It annoyed me beyond endurance that my skin color limited my choice of music. Of course there were hypocritical double standards. It was ok for whites to listen to Soul/RnB and Hip Hop but it was a cardinal sin for Blacks to like rock. Even when I was a member of the International Socialist Organization, the whites continuously criticized me for rejecting "my people's music and culture." As a Black person I should only like Jazz, Hip Hop and Soul/RNB. When I went to London for the first time, the white Marxists of the Socialist Workers Party found it odd that I preferred Goth/Industrial music. Most of the Marxist whites in London listened to "Black music". I was taken to task for liking Morrissey. At the time there was a national scandal in the British media accusing Morrissey of being racist and a Nazi sympathizer. This was because of his single "The National Front Disco" in which the protagonist out of social and political alienation is attracted to the British National Front.
  Where and how did this nonsense originate in the first place? Most of it came from the record industry itself which racially divided and segregated music. The most important charts were for Pop and Rock which mostly featured white artists. Then there was a separate music chart called Soul/RnB, which later became known as "Urban Music". Hence the record industry automatically classified white musicians as Rock and Black musicians as Soul.
  As I've noted many times, Rock had become a racist reactionary social and political movement by the end of the 70s. Nearly all white Americans only liked Rock and vehemently hated "Disco". In other words, any music composed or written by Blacks or even whites that added elements of Soul and Funk was disparaged. It cannot be overstated that Ronald Reagan's election as president in 1980 was in large part due to the racist backlash against Disco music. American culture had become too Black and the biggest manifestation of this was the popularity of Disco music.
  Over the past 4 years I've rediscovered many so-called Disco, Hip Hop and Soul/RnB records and realized that not only were they New Wave and Industrial music but they greatly influenced the development of New Wave and Industrial music. In other words, just as Rock music was invented by Blacks, so too was New Wave and Industrial. Perhaps that's too extreme so I will put it this way. New Wave and Industrial music wasn't exclusively invented and composed by whites. By the same token, Hip-Hop wasn't exclusively made by Blacks.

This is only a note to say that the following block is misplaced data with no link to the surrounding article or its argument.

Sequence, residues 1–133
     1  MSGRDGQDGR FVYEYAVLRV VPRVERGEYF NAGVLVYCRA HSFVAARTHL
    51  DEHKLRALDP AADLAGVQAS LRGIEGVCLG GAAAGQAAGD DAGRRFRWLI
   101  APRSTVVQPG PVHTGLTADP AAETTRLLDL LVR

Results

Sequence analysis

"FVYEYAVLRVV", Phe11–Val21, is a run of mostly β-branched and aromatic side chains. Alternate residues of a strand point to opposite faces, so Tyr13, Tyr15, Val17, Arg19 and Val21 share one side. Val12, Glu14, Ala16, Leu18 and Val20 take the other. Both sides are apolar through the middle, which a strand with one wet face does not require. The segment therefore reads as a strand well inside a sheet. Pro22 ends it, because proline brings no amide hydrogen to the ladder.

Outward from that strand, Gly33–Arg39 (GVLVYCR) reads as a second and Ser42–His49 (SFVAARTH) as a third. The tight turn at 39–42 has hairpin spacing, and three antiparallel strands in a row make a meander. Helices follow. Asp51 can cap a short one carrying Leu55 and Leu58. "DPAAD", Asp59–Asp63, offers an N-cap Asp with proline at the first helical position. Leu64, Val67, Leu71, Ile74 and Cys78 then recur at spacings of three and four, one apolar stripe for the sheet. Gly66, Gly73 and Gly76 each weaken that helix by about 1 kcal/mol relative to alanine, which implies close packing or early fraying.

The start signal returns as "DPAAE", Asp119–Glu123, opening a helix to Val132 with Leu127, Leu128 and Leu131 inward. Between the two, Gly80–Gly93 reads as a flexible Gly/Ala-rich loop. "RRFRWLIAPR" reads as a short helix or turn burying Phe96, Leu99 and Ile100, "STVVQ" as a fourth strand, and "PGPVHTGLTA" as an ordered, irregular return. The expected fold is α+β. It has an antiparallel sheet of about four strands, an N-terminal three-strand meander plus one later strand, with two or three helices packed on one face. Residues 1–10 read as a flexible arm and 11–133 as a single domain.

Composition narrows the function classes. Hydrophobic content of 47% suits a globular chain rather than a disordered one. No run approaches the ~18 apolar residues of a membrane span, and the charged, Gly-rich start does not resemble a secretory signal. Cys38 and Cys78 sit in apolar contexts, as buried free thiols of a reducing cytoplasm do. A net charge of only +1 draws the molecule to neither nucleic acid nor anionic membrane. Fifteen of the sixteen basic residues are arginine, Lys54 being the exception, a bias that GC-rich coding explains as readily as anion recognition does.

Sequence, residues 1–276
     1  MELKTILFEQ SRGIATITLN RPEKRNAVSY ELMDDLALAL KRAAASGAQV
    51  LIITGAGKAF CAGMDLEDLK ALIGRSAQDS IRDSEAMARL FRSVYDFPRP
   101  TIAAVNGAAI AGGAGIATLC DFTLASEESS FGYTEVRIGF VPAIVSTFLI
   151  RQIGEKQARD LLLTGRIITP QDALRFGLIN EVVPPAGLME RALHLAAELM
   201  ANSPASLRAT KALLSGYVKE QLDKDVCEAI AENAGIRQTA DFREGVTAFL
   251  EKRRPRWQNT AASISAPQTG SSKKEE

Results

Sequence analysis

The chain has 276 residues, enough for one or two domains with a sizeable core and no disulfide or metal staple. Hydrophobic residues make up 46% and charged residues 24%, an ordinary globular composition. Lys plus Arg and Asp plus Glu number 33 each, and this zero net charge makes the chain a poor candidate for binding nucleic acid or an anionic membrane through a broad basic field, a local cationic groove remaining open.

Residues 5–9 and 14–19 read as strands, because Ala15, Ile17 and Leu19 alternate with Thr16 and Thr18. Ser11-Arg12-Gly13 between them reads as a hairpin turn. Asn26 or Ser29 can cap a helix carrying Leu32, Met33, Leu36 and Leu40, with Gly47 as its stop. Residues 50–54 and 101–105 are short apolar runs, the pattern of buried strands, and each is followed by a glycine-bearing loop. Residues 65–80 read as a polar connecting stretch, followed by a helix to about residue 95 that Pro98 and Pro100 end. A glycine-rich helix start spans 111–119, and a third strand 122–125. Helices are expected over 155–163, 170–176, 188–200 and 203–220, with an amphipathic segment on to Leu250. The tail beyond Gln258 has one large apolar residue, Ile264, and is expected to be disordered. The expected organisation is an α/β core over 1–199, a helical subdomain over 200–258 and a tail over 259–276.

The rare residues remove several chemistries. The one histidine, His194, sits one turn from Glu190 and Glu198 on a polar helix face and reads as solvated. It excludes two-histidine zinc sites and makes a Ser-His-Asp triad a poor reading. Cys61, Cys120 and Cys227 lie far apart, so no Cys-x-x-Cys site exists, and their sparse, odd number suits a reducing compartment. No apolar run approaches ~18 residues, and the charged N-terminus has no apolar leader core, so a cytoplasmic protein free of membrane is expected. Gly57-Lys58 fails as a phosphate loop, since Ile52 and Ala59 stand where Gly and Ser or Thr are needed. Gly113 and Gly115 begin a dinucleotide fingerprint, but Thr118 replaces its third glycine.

This is the thing.....Black Americans live in the most technologically advanced civilization in history. Black Americans are front and center of the development of the United States as the premier industrial country in the world. New York is the most advanced industrialized city in the world. Until a decade ago had the third largest Black population in the world. Hip-Hop music was the result of industrialization. The New York City subway is the greatest industrial machine invention in human history. The only reason why Hip Hop developed and could've only developed in New York is the result of the subway. The Bronx River projects where Hip-Hop originated from stands between three major railway lines. Right in front of Bronx River to the West of the projects lies the Amtrak line that serves the route between New York and Boston. Less than a kilometer away also to the West and North lies the IRT White Plains Road elevated subway line. Barely a kilometer to the South lies the IRT Pelham elevated line. In essence the Hip Hop beat was the interpretation of the rail and subway lines. Hence the reason why "Trans-Europe Express" by Kraftwerk is not only the most popular song in The Bronx but also the reason why Afrika Bambaataa and Grandmaster Flash played and sampled it.
  This will be a survey showing how the various so-called "Black" genres of music are landmarks of New Wave, Industrial and Techno. It's time for Blacks to reclaim our cultural heritage and also to stop reinforcing false consciousness. Many Blacks that like the music on this survey will vehemently deny that they like New Wave and Industrial music but in fact they do. I will list Disco, Soul/RNB, Hip Hop/Rap songs that are unmistakably New Wave and Industrial and most importantly shaped the latter.